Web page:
36. 36. NOW!<br />Let’s have a look at that C++<br />code!<br />Ok,Ok. Fine. I’ll let you see the code. Just don’t copy it.<br />Ok?<br />
  37. 37. Don’t give your code to ANYONE!<br />You are responsible if other students copy your files!<br />
  38. 38. More of Greenwich Plagairism policy <br />The following are all examples of plagiarism:<br /><ul><li>Using code not written by yourself, without quoting and referencing
  39. 39. Adapting code not written by yourself without giving references.
  40. 40. Paying someone else to write code for you
  41. 41. Memorizing lecture notes and reproducing them on an exam.
  42. 42. Submitting an assignment from a previous course</li></li></ul><li>What happens if I plagiarise?<br />
  43. 43. Richard Feynman<br /><ul><li>Nobel Prize-winning Physicist
  44. 44. Author of popular books and films about science</li></li></ul><li>How do you test when you have learned something about science?<br />“Without using the new word which you have just learned, try to rephrase what you have just learned in your own language.&quot;<br />from The Physics Teacher Vol. 7, issue 6, 1968, pp. 313-320<br />
  45. 45. A story from Richard Feynman...<br />
  46. 46. On the weekends, my father would take me for walks in the woods. [...] and we learned all about nature...<br />
  47. 47. The next day, Monday, we were playing in the fields and this boy said to me, &quot;See that bird standing on the stump there? What&apos;s the name of it?&quot;<br />?<br />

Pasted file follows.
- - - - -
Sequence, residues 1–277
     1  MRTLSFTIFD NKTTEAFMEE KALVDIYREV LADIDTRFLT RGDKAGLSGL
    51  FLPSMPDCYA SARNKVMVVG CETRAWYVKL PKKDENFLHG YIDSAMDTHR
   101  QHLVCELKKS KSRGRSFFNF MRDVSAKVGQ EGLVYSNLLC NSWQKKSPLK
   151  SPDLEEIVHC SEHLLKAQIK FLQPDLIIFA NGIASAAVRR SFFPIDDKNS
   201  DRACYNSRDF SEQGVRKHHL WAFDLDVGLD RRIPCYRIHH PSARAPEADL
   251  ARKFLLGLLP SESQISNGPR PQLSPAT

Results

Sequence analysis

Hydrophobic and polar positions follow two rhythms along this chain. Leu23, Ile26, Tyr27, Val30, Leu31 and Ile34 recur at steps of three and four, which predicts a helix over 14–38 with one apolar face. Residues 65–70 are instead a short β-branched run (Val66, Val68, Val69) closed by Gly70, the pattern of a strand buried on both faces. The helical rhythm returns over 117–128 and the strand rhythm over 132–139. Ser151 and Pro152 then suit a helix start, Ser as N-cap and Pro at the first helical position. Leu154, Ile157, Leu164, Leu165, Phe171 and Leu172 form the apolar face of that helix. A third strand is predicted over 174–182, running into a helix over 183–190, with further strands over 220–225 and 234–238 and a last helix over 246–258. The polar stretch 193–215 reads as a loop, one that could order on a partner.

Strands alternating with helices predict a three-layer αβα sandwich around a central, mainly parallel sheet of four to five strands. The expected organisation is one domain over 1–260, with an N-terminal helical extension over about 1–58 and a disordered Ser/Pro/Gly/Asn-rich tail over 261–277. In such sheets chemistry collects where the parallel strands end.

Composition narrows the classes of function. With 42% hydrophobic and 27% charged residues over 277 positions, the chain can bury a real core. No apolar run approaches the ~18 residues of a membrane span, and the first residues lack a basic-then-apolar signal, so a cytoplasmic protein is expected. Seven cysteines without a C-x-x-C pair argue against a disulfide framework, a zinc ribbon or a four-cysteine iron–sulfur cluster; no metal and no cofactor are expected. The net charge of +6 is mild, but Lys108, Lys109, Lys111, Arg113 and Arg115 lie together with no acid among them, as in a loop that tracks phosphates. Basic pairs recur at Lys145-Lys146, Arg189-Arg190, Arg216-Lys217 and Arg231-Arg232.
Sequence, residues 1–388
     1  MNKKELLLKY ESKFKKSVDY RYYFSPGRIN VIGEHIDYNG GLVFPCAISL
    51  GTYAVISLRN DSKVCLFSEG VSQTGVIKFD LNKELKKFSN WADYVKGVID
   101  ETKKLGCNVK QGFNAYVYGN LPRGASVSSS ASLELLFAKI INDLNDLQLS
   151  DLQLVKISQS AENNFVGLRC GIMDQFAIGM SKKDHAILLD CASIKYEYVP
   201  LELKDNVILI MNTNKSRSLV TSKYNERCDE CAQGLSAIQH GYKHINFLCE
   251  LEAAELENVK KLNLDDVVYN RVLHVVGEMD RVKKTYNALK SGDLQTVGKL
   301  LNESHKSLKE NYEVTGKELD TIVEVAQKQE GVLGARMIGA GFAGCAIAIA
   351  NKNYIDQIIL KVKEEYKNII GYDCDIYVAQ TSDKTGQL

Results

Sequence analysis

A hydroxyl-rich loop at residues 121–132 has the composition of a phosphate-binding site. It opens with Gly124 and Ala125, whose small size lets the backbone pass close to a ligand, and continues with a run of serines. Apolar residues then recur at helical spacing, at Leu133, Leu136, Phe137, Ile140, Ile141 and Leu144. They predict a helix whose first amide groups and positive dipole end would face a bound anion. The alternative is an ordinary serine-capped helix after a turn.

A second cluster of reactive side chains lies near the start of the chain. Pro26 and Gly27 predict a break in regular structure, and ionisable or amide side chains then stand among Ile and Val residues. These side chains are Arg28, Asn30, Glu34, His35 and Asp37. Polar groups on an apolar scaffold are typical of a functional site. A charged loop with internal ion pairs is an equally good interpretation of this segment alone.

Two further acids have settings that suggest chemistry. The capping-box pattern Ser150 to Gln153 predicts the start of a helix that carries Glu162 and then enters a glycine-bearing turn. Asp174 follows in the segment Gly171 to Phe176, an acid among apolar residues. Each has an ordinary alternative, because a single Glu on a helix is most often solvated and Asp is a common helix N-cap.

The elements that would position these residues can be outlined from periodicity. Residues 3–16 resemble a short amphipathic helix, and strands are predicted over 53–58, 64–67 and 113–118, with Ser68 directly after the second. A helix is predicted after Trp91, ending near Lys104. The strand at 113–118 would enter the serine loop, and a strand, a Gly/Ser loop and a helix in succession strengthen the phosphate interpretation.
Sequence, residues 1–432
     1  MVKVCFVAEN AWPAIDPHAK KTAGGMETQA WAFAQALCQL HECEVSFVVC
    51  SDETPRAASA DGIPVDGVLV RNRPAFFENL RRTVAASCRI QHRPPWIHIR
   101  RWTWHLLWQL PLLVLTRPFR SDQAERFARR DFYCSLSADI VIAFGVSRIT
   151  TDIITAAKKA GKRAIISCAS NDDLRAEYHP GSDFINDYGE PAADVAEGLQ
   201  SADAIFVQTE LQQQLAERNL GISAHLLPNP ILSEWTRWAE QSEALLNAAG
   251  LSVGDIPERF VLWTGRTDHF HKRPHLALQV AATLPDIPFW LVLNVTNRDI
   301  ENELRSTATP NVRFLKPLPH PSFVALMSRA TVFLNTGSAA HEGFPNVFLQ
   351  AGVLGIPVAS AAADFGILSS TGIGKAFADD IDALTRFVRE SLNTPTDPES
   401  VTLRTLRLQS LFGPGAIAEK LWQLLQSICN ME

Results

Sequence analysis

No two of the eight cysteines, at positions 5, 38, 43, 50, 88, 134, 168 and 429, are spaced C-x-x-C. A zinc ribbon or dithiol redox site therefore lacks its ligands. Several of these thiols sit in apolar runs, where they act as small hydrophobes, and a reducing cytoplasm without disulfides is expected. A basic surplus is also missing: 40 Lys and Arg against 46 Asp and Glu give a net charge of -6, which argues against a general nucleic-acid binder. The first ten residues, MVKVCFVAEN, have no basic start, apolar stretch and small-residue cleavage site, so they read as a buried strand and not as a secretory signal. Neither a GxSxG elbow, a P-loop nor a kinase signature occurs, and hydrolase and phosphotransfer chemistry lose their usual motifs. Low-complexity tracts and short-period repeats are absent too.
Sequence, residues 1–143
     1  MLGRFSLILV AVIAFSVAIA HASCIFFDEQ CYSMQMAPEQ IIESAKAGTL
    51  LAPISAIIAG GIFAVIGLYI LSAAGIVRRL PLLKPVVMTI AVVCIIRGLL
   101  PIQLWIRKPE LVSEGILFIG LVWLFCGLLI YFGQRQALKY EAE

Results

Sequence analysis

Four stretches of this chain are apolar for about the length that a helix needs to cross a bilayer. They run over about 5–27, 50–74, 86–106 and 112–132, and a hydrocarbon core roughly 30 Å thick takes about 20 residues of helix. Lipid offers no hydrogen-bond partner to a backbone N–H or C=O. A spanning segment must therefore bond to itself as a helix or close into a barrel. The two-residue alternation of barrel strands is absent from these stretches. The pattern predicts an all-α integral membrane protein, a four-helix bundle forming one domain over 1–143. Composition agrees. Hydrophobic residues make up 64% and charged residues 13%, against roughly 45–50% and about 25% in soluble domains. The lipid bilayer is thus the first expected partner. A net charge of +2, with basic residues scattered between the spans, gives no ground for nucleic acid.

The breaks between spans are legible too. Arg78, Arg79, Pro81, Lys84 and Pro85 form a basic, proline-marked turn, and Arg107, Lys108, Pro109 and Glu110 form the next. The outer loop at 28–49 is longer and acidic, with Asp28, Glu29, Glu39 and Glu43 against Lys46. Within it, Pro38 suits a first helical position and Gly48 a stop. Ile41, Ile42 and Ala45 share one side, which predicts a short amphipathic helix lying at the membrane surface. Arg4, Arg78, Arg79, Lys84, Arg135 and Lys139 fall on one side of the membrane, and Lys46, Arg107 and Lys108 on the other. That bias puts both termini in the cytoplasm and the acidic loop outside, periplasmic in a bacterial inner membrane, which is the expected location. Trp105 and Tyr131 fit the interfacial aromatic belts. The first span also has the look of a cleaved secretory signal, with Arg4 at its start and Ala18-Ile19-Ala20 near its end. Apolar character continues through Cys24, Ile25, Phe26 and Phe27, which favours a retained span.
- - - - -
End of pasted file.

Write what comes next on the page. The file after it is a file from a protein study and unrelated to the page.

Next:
48. 48. I said, &quot;I haven&apos;t got the slightest idea.&quot;<br />?<br />
  49. 49. He said, &quot;It’s a brown-throated thrush. <br />Your father doesn&apos;t teach you much about science.&quot;<br />Brown-throated Thrush<br />
  50. 50. my father had already taught me that the name doesn&apos;t tell me anything about the bird. <br />Brown-throated Thrush<br />
  51. 51. He taught me &quot;See that bird? It&apos;s a brown-throated thrush,<br />Brown-throated Thrush<br />
  52. 52. but in Germany it&apos;s called a halsenflugel<br />Halsenflugel<br />
  53. 53. and in Chinese they call it a chung ling<br />Chung Ling<br />
  54. 54. and even if you know all those names for it, you still know nothing about the bird<br />Nothing<br />
  55. 55. Now that thrush sings, and teaches its young to fly, and flies so many miles away during the summer across the country, and nobody knows how it finds its way...<br />Nothing<br />